Date of Award
Doctor of Philosophy
Science Education, Mallinson Institute
Dr. Robert Hafner
Dr. Robert Trenary
This study presents the results of research into middle school students’ knowledge about the nature and mechanisms of action of electricity in simple DC circuits. Sixth, seventh, and eighth graders (n=99) were asked a series of questions about the roles of bulbs, batteries, wires, and electricity in circuits. Almost half the number of students (n=42) were found to have used detailed, well-defined, and logically consistent mental models based on their responses. A total of 15 different detailed mental models were documented in these students that belonged to one of four different general model types: (I) round trip flow using both ends of the battery, (2) round trip flow using one end of the battery, (3) one way flow using both ends of the battery, and (4) one way flow using one end of the battery. These models were composed of eight different components that each represented the students’ conceptions of different parts or aspects of the circuit. A majority of the students (n=75) were found to have used one of the general model types, 22 used more than one general model types, and 2 were categorized as undetermined as to whether they used any or no general model type at all. A theoretical framework is outlined which explains the formation of initial, synthetic, and scientific models and how this study informs that framework. The relationship between mental models and conceptions and how it relates to this study is also discussed.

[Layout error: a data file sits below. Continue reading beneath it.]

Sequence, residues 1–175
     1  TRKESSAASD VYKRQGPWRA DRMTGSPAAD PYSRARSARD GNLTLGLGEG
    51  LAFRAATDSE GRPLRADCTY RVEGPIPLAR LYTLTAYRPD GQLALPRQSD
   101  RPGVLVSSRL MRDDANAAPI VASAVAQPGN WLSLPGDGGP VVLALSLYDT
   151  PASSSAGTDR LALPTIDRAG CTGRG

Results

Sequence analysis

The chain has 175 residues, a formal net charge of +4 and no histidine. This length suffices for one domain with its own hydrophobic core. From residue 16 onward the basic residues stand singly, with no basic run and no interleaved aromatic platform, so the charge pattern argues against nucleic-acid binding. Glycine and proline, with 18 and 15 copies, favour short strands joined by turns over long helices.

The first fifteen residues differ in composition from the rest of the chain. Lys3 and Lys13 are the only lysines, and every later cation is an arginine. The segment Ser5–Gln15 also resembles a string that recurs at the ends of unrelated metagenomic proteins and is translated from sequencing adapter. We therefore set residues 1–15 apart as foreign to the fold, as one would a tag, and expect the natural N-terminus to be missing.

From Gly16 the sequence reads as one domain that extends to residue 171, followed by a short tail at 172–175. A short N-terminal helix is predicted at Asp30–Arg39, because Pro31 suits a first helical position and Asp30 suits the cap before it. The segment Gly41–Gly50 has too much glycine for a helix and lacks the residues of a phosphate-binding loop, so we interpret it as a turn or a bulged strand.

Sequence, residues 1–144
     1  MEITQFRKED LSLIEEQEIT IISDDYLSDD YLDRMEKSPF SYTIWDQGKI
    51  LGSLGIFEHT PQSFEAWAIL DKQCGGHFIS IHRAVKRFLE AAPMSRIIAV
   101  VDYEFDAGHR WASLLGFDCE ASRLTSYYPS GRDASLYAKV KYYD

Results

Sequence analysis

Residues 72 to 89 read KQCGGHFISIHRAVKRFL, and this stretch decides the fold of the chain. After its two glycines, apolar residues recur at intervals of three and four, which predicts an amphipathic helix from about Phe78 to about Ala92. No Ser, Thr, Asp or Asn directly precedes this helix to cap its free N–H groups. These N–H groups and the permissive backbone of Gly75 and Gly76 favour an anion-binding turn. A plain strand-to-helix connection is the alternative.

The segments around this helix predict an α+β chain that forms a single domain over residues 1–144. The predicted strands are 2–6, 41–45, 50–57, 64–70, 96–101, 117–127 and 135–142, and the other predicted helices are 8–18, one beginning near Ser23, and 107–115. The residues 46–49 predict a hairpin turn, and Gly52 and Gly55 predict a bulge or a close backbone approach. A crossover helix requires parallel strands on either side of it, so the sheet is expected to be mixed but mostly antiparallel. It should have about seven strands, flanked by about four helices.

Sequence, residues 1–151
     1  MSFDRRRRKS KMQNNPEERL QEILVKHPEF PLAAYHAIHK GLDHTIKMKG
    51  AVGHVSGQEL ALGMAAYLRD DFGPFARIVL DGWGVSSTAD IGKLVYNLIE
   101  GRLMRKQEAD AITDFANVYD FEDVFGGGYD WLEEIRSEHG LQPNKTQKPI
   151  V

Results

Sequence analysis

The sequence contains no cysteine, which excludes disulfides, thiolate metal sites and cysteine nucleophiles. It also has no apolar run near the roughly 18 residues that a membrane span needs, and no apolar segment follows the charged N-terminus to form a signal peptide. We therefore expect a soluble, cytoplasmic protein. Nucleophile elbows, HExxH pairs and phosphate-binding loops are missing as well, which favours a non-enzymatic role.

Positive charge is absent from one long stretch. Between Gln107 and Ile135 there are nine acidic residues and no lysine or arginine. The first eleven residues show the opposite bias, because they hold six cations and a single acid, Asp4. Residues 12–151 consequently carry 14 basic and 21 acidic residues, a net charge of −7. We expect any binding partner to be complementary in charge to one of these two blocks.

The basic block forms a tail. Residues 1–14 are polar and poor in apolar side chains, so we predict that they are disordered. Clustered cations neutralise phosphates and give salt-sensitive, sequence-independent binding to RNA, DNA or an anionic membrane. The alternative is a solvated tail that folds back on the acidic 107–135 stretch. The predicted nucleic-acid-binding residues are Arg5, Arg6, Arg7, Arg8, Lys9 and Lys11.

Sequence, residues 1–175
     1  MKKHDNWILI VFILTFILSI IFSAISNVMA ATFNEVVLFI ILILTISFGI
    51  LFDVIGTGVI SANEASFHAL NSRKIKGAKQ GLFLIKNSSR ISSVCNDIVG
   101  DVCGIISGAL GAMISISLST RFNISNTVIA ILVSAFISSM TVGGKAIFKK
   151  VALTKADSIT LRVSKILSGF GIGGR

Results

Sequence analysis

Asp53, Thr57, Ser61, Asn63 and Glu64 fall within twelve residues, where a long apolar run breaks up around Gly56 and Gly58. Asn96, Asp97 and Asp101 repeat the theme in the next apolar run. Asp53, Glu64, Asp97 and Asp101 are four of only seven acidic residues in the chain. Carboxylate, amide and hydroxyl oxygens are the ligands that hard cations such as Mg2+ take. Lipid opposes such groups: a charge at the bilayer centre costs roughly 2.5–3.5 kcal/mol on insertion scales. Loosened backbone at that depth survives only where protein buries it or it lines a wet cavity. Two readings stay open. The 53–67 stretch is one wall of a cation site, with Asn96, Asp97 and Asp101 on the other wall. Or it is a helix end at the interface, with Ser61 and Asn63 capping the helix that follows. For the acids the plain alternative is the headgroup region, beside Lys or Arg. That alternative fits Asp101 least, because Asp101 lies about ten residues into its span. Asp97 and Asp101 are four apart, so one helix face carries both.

Isolain, Andrew C., "Students' Mental Models of Electricity in Simple DC Circuits" (1999). Dissertations. 1513.